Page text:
UAS tech: platforms, sensors, better data streaming and power management

By UAS Magazine Staff | September 17, 2015

As commercial applications for unmanned aerial systems (UAS) grow, new technologies are introduced, ranging from UAS platforms with contrasting capabilities to sensors for specific tasks to significant improvements in data handling and power management.

Two very different UAS platforms were announced by overseas companies. Sony Mobile and its Japanese joint venture partners ZMP and AeroSense Inc. unveiled an experimental vertical-takeoff-and-landing (VTOL) UAV called the AS-DT01-E. After transitioning to fixed-wing flight, it has a top speed of 66 miles per hour and can carry a 22-pound payload, including Sony’s high-resolution digital cameras.

Singular Aircraft’s Flyox I completed its maiden flight this summer in Hofn, Iceland. An amphibious remotely piloted aircraft (RPA), the twin-engine Flyox I is capable of landing and taking off on unpaved runways or on water, ice and snow. The aircraft is designed for five applications: hauling cargo, firefighting, search and rescue, agriculture and surveillance. The Flyox I has a wingspan of roughly 45 feet an endurance time of six hours and 45 minutes, a maximum operation altitude of 24,000 feet and a maximum weight of roughly 8,400 pounds.

New gas- and signal-sniffing sensors are now flying on UAS. Security firm Praetorian teamed with UAS startup company DroneSense—both located in Austin, Texas—in a project using Praetorian’s custom “ZigBee sniffing” sensor onboard a DroneSense UAV. The goal was to map Internet-connected devices—known as the Internet of Things (IoT)—in sections of Austin.

The Praetorian sensor is equipped with several special radios that listen for the Zigbee wireless beacons used by smart devices to communicate with each other over the Internet. The combination of Praetorian’s sensor technology and the DroneSense UAV platform will eventually provide greater knowledge on how to secure IoT networks from those who seek to exploit them for nefarious reasons.

Swiss-based Pergam Technical Services Inc. released the first UAS sensor designed to detect and measure methane gas. Based on a commonly used handheld detector, the system has been altered with an eye-safe laser and a filter in the bandwidth where methane has high absorptions along with an algorithm that measures the gas emissions in parts per million. An onboard data grabber records the flight path and the gas concentrations levels. Data from the flight is available immediately upon landing.

The system can be used for line, tank and asset inspections along with landfill emission monitoring and surveys in difficult -to-access areas that typically require scaffolding. Pergam says the booming LNG and the shale gas industries represent markets with huge opportunities for leak detection services with the sensor.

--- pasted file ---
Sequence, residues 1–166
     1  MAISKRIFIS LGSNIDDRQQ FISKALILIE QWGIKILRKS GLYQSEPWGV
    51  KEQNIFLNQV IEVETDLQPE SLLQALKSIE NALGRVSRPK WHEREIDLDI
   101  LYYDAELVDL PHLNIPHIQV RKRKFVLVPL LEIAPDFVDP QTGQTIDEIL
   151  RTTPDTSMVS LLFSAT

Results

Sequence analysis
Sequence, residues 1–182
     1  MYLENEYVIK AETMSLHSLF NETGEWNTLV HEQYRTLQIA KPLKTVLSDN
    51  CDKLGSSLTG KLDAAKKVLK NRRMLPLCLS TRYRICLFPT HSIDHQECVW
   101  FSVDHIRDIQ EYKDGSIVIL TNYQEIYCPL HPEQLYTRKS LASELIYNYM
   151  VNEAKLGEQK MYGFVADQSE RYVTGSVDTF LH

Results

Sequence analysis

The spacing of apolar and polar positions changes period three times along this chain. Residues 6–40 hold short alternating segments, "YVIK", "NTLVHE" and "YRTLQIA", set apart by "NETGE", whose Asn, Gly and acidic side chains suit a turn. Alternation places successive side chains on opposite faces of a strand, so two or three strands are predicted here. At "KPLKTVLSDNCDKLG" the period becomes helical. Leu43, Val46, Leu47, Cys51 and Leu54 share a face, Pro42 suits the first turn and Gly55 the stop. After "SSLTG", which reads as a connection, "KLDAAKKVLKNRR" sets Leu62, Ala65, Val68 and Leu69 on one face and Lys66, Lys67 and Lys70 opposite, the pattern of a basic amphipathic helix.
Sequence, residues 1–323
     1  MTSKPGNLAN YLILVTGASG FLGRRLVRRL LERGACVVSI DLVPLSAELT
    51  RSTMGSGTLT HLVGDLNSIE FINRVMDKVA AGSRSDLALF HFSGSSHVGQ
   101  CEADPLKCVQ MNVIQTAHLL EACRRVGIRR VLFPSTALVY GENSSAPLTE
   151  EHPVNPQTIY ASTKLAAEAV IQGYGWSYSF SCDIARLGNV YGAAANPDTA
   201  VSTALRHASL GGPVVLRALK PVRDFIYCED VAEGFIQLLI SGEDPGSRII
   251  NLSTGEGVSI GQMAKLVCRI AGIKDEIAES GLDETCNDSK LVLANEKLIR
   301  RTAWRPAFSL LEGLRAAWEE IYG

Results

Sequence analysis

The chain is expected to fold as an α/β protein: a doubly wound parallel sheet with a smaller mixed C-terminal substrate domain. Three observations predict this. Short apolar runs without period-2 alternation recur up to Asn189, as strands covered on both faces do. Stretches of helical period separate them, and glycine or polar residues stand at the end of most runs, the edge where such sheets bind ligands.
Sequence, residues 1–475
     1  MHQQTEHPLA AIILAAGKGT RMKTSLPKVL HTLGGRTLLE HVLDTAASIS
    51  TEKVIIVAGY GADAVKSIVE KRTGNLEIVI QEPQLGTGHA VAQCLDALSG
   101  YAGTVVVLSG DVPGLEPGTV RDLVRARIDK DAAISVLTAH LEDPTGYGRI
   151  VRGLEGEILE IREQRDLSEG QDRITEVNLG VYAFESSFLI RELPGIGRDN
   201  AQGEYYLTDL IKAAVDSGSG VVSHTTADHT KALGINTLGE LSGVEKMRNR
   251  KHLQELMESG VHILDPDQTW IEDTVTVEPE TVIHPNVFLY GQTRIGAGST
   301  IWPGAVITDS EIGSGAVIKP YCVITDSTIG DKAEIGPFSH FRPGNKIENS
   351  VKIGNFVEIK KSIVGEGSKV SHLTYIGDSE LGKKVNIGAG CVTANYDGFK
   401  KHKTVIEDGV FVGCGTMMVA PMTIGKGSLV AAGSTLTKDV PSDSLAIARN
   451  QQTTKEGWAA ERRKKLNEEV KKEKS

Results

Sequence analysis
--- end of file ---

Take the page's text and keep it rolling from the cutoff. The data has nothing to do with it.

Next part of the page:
For UAS operators concerned about their drones crashing into walls, buildings and other obstacles, Panoptes Systems Corp. in Cambridge, Massachusetts, has developed the eBumper4, a sensor system that keeps UAVs a safe distance away from objects. The company is also developing next-generation collision avoidance technology more useful for UAS commercial operations.

The eBumper4 system is currently available for the 3D Robotics Iris+ and the DJI Phantom 2 line of UAVs. Just as a bat sends out sound waves that bounce back and tell it how close it is to an object, the eBumper4 works on the same principle to keep a UAV a safe distance from obstacles. It can detect an object as far out as 15 feet at speeds near six miles per hour.

“It’s best used for the loitering applications where you’re intentionally flying slowly and the pilot is in the loop,” says Fabrice Kunzi, Panoptes chief technology officer. “The eBumper4 gives a base level of protection for the aircraft and the operator.”

Verizon Wireless and Florida-based Tayzu Robotics, a UAS manufacturer, are developing a site in the Cayman Islands to autonomously test the Skywire miniaturized Ethernet cellular router. Developed by NimbleLink, a Minnesota company, Skywire delivers instant cellular connectivity over the Verizon network to any Ethernet-enabled device and costs less to operate than cable or dsl connections.

Tayzu believes that Skywire will enable it to collect and monetize large amounts of data captured during autonomous flights. The UAVs designed by Tayzu will soon come with a charging station and users can operate strategically placed sUAVs through the push of a button.

Germany-based Skysense is working to develop a new product line for its drone charging stations. The company was one of 10 selected to participate in the Robotics Accelerator through the Qualcomm Inc. TechStars program.

At a Qualcomm facility in San Diego, Skysense is developing an enclosed UAS charging station called the Droneport. It’s a protective, remotely managed structure that holds a Skysense Charging Pad and a UAV. It provides synching of sensor data to the cloud and connectivity within the Skysense Droneport network.

Droneport is weatherproof with IP44 protection level, providing a flat surface for landings and takeoffs. The system can manage and monitor drone fleets online. Additional services include predictive maintenance, bridging of drone telemetry, telemetry black box and data stream downloading in the cloud.

Following the success of its fixed-wing UAV, Trimble has released its first multi-rotor platform. After receiving input from customers around the globe, Todd Steiner, product marketing director for Trimble’s geospatial division, said the company needs to offer a vertical take-off and landing option. The new ZX5 platform, based on a German design, features components designed for heavy  commercial use and multiple safety redundancies.